The selling power of “social proof”

social proof in marketingI’m not a big sports fan.

However, my wife decided to invite her family over for dinner, totaling 12 adults, 2 babies, a 5-year-old, and a clowder of cats.

So, around day 3, after one of the babies peed on our new sofa, the refrigerator broke down, and every square inch of our house was covered with food, diapers, and suitcases, I suddenly became interested in getting out of the house to see a hockey game.

Go figure.

Along with another family member who needed to escape for a few hours, I drove down to see the local minor league hockey team play a regional rival.

The first two periods saw our team down by three points. Then, in the third period, in
a burst of explosive energy, our boys started fighting their way back.

The crowd began screaming. Clapping their hands. Stomping their feet. Taunting the opposing team’s goalie. Thousands of people were suddenly functioning as one. And oddly enough, though I’m generally not given to such displays, I found myself screaming and clapping and stomping right along with everyone else.

What happened?

The Rule of Social Proof

Why did I begin acting that way when it’s very clearly not in my nature to do so? Simple. Because everyone else was doing it. So many others were doing it, in fact, and doing it so loudly, I found it impossible to just sit there.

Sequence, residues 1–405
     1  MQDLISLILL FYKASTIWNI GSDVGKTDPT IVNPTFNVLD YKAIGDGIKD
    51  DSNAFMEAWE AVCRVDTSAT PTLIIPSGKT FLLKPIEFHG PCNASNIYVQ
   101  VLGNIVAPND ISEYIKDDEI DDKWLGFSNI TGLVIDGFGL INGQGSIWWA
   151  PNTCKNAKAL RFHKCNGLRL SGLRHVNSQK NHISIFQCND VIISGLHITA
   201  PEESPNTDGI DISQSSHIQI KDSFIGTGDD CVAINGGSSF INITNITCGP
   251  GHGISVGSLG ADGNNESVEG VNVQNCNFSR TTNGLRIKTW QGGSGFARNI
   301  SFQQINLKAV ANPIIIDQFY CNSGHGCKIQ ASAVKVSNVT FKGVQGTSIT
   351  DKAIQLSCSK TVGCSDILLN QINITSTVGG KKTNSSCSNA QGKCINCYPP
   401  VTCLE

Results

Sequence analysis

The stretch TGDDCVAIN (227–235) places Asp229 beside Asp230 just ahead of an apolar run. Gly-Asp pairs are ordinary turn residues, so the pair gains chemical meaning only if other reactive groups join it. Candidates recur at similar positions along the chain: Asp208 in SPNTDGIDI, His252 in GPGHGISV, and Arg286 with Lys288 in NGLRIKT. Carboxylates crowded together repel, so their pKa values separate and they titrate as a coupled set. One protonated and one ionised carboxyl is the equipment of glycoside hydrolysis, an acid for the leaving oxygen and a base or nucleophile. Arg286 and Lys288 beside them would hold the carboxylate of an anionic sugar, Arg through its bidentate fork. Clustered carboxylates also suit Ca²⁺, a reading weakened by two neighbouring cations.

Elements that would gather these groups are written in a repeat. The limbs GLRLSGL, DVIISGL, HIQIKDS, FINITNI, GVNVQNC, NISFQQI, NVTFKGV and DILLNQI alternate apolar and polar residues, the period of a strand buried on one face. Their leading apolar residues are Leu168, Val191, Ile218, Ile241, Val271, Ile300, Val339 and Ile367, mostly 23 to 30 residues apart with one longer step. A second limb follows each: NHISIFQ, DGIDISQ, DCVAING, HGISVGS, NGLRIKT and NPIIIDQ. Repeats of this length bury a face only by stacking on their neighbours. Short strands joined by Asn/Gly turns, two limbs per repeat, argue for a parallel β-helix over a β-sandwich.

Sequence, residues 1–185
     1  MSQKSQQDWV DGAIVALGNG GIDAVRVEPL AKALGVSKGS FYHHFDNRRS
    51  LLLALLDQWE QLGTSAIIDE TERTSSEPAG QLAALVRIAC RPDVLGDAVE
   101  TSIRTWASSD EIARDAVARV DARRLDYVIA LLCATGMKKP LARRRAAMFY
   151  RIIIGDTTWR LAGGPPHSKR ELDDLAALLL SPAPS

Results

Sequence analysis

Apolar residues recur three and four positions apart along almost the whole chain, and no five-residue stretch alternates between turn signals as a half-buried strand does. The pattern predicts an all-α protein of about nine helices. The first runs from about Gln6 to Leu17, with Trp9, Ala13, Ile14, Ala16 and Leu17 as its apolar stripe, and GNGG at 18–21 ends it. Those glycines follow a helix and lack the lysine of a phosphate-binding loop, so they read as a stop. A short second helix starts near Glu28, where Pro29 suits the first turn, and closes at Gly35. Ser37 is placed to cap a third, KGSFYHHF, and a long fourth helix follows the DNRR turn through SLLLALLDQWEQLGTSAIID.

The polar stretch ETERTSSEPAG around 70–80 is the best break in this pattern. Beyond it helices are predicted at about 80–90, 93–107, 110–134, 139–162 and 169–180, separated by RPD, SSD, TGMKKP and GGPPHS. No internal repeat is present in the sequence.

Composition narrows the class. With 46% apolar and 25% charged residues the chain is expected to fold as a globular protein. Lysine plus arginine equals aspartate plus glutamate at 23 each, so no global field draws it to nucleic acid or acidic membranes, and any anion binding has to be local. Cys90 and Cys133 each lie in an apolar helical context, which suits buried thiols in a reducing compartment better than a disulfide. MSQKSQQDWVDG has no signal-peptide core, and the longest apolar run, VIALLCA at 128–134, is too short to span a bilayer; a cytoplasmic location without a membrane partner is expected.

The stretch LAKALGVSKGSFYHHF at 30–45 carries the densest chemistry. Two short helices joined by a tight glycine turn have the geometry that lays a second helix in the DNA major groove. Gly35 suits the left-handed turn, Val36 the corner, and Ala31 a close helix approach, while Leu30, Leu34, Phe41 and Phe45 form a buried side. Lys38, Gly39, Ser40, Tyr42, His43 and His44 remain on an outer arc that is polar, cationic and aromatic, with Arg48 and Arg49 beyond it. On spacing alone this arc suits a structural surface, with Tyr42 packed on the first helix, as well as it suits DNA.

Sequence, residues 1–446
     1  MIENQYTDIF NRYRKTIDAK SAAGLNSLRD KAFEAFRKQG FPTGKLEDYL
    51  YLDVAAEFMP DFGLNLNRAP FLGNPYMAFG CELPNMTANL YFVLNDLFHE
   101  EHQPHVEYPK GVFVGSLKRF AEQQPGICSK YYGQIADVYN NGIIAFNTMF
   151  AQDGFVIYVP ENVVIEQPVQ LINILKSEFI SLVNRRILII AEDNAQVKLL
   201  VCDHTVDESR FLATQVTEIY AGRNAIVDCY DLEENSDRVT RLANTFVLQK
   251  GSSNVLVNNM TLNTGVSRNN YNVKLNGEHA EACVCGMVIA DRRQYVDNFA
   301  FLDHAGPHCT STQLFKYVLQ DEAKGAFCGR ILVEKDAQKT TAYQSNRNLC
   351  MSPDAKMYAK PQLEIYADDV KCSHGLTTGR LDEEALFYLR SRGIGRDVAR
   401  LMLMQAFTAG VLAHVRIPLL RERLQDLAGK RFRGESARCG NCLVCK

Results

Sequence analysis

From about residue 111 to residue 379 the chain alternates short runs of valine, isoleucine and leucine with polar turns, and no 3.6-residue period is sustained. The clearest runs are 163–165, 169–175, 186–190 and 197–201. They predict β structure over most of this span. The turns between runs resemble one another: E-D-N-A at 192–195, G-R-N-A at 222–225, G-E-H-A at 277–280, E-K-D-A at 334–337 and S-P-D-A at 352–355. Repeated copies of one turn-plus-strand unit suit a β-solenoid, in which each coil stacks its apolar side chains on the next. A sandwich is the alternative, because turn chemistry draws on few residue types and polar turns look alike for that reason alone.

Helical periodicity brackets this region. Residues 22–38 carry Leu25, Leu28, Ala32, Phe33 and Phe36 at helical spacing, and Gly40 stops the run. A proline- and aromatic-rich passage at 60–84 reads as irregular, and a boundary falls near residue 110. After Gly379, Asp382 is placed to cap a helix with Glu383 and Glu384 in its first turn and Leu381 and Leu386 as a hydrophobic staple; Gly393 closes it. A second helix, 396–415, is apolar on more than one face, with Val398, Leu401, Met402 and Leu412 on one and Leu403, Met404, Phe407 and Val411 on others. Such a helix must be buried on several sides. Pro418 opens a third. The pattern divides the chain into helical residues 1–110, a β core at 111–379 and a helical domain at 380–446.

And that’s the Rule of Social Proof in a nutshell.

All of us look to others to help us decide how to act, to guide our behavior, to determine whether something is right or wrong. The more people doing it, the more correct it seems.

We do it on the highway. We merge right when we see cars ahead of us merging right.

We do it at the office. We use the same inane jargon and laugh at the same lame jokes.

We do it at parties. We dress like everyone else and have a drink in hand if others do.

We’re all driven in so many ways to conform. But, as with all the principles of influence, this isn’t a bad thing, because as a smart marketer, you can use this knowledge to your advantage.

After all, why do you think bartenders salt their tip jar? Telethon hosts read the names of those who call in a pledge? Bar owners keep people waiting in long lines outside?

Because of the Rule of Social Proof. If others are doing it, it must be the right thing to do. And because it works!

Why does Social Proof work like this? Because Social Proof is what psychologists call a “decision heuristic,” a shortcut for making decisions. Life is too complicated to carefully evaluate every element of every situation, so we learn to take shortcuts to help us make what are usually reasonable and reliable decisions.

It’s a sound, logical adaptive behavior, after all. It’s mathematically justified: The more people who do something, the more likely it is correct, or at least relatively safe. Not always, but for most things it works with a high degree of reliability.

And when you understand the rule, you can trigger it at will to generate a “Yes” response to your marketing offers and calls to action.

Putting Social Proof to Work

Now for the nuts and bolts. To put the rule to work for you, just follow this logic: Most people are imitators. So, if you want someone to do something, show others doing it.

Here are a few specific applications of this idea:

You don’t have to memorize a list like this. Just remember to ask yourself, “What is the most tangible and relevant way to show how my product or service is popular?”

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